By Dr Pauline Crawford, International Speaker & Facilitator
Ask any audience the question “ARE MEN AND WOMEN THE SAME?” and you will always get the same answer. NO! In every biological kingdom across the world – be it human or animal – the male and female of each species are designed to be different genders and to come together to create new life. No argument there. We laugh at the obvious differences as in this picture. However, not all men behave the same, nor do all women behave the same, and the reasons for this are myriad.
I realized within a short period of time that I needed to take ‘what I knew’ back to the drawing board. I was learning that within each gender there was a range of physical body shapes that had a direct correlation to identifiable gender specific behavioral patterns that linked directly to left-brain, right-brain patterns and configurations. Beyond that, it was my belief that these patterns began to develop from birth. What I was witness to was the emergence of various types of women and men quite literally coming out of hiding, if you will, due to the necessity to survive in a world that struggled to make sense of the chaos of this gender evolution.
Society at large continues to try to squeeze everyone into neat little boxes that men of great power and stature created centuries ago, long before women even began daydreaming about the possibility of working alongside men in the business world. Now, however, women, technology and changing needs are forcing us to rethink the playground we all live and work in. Nowadays the differences within each gender, especially women, are out in the open. Women now clamber to hold their place without truly understanding the biases that exist between women and women, and men and men, let alone between men and women. Each, in their own way, struggle to make sense of the influence required by those in charge. New leaders are emerging; men and women alike who recognize that the players, as well as the ground rules need to change as the marketplace and life itself changes. The playground has both boy and girls in it. Why, then, do we choose to keep approximately half of our available human capital from participating in the growth and development process to become leaders. Why do we arbitrarily include and exclude at random?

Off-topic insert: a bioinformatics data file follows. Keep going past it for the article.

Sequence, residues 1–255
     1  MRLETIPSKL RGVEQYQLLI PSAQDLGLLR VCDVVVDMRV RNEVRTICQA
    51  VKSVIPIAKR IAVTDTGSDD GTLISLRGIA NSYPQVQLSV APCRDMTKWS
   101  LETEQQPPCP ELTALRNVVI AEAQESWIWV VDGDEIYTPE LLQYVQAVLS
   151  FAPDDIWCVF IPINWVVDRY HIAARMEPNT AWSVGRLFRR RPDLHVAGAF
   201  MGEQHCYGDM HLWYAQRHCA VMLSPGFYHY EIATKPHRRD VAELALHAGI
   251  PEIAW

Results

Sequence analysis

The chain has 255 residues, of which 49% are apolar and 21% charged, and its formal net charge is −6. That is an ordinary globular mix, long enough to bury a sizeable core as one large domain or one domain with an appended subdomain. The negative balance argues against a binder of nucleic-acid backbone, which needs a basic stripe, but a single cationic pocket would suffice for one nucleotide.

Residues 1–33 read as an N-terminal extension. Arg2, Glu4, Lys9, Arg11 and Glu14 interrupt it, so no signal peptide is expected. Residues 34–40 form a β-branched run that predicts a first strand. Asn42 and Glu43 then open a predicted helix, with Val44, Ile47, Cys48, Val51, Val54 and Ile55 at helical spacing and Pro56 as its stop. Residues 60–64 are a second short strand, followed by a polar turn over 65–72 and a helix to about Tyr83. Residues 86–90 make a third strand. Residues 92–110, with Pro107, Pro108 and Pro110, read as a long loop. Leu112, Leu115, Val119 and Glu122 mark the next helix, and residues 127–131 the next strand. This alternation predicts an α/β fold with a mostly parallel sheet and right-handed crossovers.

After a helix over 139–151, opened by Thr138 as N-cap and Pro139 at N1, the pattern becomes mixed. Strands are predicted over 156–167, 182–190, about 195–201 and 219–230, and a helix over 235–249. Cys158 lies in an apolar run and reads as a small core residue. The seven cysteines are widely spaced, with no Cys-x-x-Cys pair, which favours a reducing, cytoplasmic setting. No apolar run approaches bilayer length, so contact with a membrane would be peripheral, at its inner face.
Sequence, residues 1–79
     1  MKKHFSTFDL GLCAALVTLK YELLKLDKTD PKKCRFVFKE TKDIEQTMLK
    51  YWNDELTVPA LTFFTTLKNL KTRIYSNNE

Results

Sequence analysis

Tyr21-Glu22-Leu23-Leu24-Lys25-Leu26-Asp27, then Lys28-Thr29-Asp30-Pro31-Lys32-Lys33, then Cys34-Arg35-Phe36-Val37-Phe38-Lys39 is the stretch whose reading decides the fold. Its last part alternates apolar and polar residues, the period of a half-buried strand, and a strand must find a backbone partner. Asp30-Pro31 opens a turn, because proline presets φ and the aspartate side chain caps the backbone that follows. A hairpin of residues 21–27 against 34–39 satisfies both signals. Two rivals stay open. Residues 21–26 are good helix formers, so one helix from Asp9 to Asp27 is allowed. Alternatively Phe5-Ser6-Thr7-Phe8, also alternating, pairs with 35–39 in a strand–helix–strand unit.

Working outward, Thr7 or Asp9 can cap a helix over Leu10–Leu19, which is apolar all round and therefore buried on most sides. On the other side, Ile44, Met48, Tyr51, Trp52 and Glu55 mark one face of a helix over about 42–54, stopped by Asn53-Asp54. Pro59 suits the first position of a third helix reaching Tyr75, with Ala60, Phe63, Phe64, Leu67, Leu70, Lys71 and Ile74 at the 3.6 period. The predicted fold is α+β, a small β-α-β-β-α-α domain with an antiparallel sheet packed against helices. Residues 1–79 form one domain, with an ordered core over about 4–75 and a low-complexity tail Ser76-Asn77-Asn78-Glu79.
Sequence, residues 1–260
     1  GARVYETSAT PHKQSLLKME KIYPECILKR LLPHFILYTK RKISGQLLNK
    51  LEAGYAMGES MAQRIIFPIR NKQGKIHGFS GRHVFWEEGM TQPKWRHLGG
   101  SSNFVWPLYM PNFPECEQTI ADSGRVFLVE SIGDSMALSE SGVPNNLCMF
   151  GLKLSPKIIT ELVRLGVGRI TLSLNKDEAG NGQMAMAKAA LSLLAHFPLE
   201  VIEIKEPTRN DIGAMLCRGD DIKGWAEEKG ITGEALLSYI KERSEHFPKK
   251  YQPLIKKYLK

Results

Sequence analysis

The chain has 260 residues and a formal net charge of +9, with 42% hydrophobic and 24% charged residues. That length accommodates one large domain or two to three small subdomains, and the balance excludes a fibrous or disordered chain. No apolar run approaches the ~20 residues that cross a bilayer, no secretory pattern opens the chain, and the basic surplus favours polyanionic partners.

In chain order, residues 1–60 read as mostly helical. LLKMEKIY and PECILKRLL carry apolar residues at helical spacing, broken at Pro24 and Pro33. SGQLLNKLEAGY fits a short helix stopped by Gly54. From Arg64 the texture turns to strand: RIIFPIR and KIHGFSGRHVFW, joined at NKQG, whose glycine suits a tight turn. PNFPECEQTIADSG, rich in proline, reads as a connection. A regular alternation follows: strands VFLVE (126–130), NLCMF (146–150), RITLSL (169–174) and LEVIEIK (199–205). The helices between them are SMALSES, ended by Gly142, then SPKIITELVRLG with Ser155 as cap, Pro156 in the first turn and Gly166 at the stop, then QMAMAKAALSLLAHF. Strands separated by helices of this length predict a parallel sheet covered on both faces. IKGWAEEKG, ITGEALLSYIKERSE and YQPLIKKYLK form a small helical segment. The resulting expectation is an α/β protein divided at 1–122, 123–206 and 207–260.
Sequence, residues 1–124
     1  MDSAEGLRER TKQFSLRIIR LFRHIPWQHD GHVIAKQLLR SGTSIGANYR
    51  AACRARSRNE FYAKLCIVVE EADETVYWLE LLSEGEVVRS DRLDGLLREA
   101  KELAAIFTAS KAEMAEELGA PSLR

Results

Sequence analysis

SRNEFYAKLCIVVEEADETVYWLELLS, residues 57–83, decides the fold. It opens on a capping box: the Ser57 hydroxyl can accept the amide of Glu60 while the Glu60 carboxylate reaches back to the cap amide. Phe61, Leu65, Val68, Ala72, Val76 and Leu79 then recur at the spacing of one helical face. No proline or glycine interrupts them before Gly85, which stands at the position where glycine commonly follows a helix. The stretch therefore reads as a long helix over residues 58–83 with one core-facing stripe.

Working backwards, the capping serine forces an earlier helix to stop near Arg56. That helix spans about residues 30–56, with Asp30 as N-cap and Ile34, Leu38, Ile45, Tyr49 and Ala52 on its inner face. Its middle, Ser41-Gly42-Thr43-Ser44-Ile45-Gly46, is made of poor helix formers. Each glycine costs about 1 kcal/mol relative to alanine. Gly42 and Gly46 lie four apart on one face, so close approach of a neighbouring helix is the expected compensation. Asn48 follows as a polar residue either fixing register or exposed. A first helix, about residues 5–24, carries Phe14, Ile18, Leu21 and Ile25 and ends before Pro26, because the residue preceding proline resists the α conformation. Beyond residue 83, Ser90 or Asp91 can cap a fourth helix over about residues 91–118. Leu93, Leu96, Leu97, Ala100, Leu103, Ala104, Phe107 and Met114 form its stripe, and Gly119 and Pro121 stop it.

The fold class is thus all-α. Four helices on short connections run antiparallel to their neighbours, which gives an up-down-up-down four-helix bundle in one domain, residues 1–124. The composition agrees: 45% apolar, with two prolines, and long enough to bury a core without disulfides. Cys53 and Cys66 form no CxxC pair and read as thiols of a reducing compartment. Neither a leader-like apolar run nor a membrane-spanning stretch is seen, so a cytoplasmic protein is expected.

Look in the playground, you see the girls play together, often in circles with their heads together. You see the girly girls sitting pretty and the tom-boy girls climb trees and playing football, ‘all girl’ and yet tough in their own way. You see the boys hustle and tussle, playing running games, football and the like. You see that the more reserved, quiet and perhaps gentle boy plays football, but does not easily take to the more physically challenging parts of sport such as risking bodily injury and hitting opponents harder. Yet both are ‘all boy’ as they deal with their individual DNA and spirit.
As the girls grow and mature, they may well have the opportunity to become leaders like Chancellor Angela Merkel or Prime Minister Margaret Thatcher, very different types of women. Boys may well have the opportunity to become the next President Bill Clinton or world leader Nelson Mandela, again very different types of men. Imagine them each these different types of boys and girls in the playground, and let me know your views?
As I began to recognize these variations of leading men and women in the boardroom, as leaders in government, as entrepreneurs hiring the next generation and in society at large, I observed changes afoot that lead us to new ways of working, using mixed gender teams and feminine leadership styles, where maybe the focus becomes people rather than profit, customer rather than cost savings. The playing field starts to change to a more collaborative end game where men and women share the playground with a dynamic harmony and results that suit all. Such things are not out of reach.